#32 / Fred Vargas, An Uncertain Place

Fred Vargas, An Uncertain Place, translated from the French by Sian Reynolds (London: Vintage, 2012 [2008]). A rather gruesome outing for Commissaire Adamsberg and his team  3.5 stars

Opening line: Commissaire Adamsberg knew how to iron shirts.

Fred Vargas is one of my favourite crime writers, but I always regard her novels as something of a guilty pleasure. By rights, I shouldn’t really like them, as I tend to favour crime novels that engage with history, politics or society (such as Dominique Manotti’s Affairs of State), and which feature grounded, rational policemen (I’m a sensible type at heart). Not novels involving a hunt for a werewolf (Seeking Whom He May Devour), or a Commissaire who wanders aimlessly around Paris using intuition to solve his crimes.

And yet the Adamsberg novels have afforded me more reading pleasure than almost any other crime series I’ve read. This has a great deal to do with the quality of the writing – there’s a reason why Vargas has won the CWA International Dagger three times – and the way in which she uses her medieval historian’s knowledge to take the roman policier in a pleasingly original direction. Add in a large dash of quirky gallic – her police team are eccentrically and extravagently ‘French’ – et voilà, you have a classy, distinctive crime series on your hands that’s mighty hard to resist.

Those who’ve loved previous Adamsberg novels are not likely to be disappointed by An Uncertain Place, as all the usual ingredients are present and correct. For British readers and Anglophiles, there’s also the bonus of an initial stop in London, which includes a splendidly gothic discovery at the entrance of Highgate Cemetery.

So why have I given An Uncertain Place only 3.5 stars?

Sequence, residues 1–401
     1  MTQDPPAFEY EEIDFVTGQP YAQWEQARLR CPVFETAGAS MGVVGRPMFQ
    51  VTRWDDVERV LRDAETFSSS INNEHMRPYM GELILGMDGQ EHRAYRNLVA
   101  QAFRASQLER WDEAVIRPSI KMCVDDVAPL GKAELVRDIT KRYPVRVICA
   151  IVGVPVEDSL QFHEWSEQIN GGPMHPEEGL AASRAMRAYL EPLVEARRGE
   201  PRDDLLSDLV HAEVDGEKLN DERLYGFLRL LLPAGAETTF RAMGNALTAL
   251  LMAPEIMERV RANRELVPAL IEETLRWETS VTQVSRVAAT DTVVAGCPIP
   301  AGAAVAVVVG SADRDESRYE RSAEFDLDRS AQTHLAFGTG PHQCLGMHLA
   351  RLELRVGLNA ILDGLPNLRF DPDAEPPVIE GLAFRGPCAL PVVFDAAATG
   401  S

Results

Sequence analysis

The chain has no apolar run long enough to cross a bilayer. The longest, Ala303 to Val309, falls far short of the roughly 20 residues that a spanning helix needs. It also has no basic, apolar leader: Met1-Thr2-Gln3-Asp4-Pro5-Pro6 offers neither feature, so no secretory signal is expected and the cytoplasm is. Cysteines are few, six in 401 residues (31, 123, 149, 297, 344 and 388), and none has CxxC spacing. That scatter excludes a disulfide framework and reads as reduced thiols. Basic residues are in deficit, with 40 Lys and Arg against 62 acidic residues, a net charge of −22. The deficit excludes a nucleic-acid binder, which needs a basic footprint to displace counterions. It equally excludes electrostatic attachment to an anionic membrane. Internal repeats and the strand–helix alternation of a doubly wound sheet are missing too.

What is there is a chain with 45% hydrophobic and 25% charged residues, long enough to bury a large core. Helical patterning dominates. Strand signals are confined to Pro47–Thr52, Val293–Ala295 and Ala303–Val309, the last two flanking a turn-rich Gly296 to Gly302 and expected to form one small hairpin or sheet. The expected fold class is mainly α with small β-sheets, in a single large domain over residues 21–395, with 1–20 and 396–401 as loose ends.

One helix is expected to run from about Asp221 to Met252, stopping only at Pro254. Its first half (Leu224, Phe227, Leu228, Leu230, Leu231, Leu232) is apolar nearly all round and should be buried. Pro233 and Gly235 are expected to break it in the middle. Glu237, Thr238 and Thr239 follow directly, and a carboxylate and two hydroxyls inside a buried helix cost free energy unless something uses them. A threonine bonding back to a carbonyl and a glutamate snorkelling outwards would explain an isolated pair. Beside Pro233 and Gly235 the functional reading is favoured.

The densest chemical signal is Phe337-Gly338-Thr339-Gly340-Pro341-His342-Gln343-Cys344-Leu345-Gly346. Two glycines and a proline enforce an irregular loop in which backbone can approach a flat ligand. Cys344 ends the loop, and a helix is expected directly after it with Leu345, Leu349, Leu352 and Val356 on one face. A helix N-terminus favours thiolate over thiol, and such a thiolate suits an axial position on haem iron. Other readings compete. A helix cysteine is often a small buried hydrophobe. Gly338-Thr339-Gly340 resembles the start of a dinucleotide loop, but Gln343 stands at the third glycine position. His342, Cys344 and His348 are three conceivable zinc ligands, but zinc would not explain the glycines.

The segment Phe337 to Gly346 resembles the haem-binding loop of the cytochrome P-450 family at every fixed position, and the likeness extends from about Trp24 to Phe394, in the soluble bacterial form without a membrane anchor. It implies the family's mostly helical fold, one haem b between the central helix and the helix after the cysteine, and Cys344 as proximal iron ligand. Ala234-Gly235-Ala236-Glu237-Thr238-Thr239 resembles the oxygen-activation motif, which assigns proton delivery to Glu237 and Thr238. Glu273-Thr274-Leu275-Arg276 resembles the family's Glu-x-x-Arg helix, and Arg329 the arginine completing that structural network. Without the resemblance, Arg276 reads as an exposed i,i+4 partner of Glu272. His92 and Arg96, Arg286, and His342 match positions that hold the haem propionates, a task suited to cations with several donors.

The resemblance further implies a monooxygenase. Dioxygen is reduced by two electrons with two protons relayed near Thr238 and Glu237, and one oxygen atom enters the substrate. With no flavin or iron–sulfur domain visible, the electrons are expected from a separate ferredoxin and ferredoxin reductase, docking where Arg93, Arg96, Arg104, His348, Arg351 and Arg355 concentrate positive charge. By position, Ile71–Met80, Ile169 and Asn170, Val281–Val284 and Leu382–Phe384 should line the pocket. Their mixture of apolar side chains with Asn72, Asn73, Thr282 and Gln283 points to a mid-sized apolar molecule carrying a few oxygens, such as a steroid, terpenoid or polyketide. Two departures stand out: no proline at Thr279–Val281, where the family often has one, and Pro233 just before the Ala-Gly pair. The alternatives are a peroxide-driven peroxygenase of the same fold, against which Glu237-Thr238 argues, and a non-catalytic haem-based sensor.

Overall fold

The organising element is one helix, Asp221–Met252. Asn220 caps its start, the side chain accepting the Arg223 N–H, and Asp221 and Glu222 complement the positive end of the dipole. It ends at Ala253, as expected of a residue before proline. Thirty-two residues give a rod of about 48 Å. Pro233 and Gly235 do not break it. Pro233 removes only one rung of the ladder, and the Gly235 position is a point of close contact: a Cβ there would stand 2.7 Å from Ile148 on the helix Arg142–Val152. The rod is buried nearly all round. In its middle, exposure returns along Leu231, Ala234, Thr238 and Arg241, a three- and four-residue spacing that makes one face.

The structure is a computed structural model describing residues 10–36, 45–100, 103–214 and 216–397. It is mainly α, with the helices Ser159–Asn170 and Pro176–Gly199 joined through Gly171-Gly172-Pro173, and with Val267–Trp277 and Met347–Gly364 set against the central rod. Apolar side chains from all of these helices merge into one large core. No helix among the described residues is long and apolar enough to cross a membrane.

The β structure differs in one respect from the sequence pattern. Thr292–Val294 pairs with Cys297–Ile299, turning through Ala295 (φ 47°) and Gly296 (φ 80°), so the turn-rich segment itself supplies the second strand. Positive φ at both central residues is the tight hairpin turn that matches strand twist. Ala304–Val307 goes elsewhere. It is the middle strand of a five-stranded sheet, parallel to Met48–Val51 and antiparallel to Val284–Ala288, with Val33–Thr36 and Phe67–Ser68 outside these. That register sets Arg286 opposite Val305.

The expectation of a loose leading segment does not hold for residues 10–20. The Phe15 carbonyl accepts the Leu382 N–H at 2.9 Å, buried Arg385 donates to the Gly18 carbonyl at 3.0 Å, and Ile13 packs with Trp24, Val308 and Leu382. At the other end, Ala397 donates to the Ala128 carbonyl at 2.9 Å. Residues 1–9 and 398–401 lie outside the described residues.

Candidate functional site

For me, this crime novel went slightly too far in two respects:

1. It features a truly gruesome murder and crime-scene description. An explanation of the murderer’s rationale and methods are supplied further on in the narrative, but I still found the enormous amount of detail too much to stomach (not helped by the fact that I read the worst bit over lunch).

2. Vargas is usually very skilled at suggesting that other-worldly forces are at work while maintaining a plausible crime narrative in a ‘realistic’ French setting. As in previous novels, the tension between those in the police team who work intuitively and those who rely on logic is thematised (Adamsberg and his disciples are the ‘cloud shovellers’, while Retancourt leads the ‘rational positivist movement’). But Vargas jumps in a clear direction at the end of the narrative, and it was one that left me rather cross. So – with a little sigh – 3.5 it is.

An Uncertain Place was my January read for the 2013 Translation Challenge.

Mrs. Peabody awards An Uncertain Place an enjoyable but slightly infuriating 3.5 stars.

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Summer’s here! Mrs Peabody’s holiday crime fiction recommendations